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The Institution of the Neo-Avant-Garde, the End of Art and the New Postpsychological Rethorics

Peter Tzanev

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In the introduction to his book ‘Deconstructing Installation Art’[1] the British art historian Graham Coulter-Smith says that in the 1990’s installation goes ahead as a leading trend in postmodern art, replacing the previously dominant style of postmodern ‘appropriation’.

As a reason for this development Coulter-Smith sees the three fundamental characteristics that the art of installation includes: 1) striving to create a more direct interaction between the spectator and the work of art; 2) the specific feature of the installation to present fragments to the viewer, which must be studied and arranged in a manner which ‘activates’ him; 3) developing a strategy, which deconstructs the traditional concepts of art work.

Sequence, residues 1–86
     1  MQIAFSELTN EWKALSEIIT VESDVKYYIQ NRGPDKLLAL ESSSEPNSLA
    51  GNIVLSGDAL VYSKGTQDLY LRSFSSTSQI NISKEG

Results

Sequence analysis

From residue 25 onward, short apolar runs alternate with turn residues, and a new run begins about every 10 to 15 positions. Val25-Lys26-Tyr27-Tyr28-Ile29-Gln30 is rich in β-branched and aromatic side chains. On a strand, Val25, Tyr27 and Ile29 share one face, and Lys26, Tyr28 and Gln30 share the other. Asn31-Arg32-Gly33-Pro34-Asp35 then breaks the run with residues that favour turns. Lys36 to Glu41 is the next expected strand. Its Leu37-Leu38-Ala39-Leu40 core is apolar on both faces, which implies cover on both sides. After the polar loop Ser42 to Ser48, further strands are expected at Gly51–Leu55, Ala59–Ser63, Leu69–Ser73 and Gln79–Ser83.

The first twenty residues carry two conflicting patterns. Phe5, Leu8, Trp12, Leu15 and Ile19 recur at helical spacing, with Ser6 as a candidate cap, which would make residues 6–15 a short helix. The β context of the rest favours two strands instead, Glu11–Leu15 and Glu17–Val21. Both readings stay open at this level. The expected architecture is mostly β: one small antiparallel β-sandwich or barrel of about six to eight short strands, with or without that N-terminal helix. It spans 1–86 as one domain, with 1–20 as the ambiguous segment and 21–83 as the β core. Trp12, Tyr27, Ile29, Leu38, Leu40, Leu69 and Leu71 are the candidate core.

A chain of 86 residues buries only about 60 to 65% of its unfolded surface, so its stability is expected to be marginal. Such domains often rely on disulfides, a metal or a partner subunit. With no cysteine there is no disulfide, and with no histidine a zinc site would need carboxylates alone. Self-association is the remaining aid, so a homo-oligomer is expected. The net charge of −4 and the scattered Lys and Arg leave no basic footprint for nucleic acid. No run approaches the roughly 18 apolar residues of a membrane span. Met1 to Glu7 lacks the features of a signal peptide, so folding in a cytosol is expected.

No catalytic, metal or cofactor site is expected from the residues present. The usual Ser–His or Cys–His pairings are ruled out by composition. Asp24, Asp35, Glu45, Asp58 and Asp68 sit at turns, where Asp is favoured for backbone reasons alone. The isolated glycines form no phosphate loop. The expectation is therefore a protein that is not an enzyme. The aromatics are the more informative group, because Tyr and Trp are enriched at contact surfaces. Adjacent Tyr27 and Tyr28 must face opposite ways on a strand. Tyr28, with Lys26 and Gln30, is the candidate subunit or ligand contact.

Coulter-Smith relates the above-stated three characteristics to the three major artistic discourses in the first half of the 20th century, namely, expressionism, abstraction and the transgressive aesthetics of Duchamp, Dada and Surrealism. Exactly the neo-avant-garde practices associated primarily with the third discourse turn into the basis of the modern art of installation. Coulter-Smith offers as a summary term for this third discourse the term ‘deconstructive art.’ [2] According to him the first generation of deconstructive art involves the transgressive aesthetics of Duchamp, Dada and Surrealism, which in the 1960’s is further developed by the New Realism, Fluxus, Pop art, Minimalism, Arte Povera, Land art, Performance and Conceptual art. The third generation of deconstructive art appears in the late 1970's and early 1980's with the different postmodern techniques of appropriation. The current domination by the deconstructive art as an international style according to Coulter-Smith changes the very definition of deconstruction, displacing it from the forms of transgression to the forms of the game.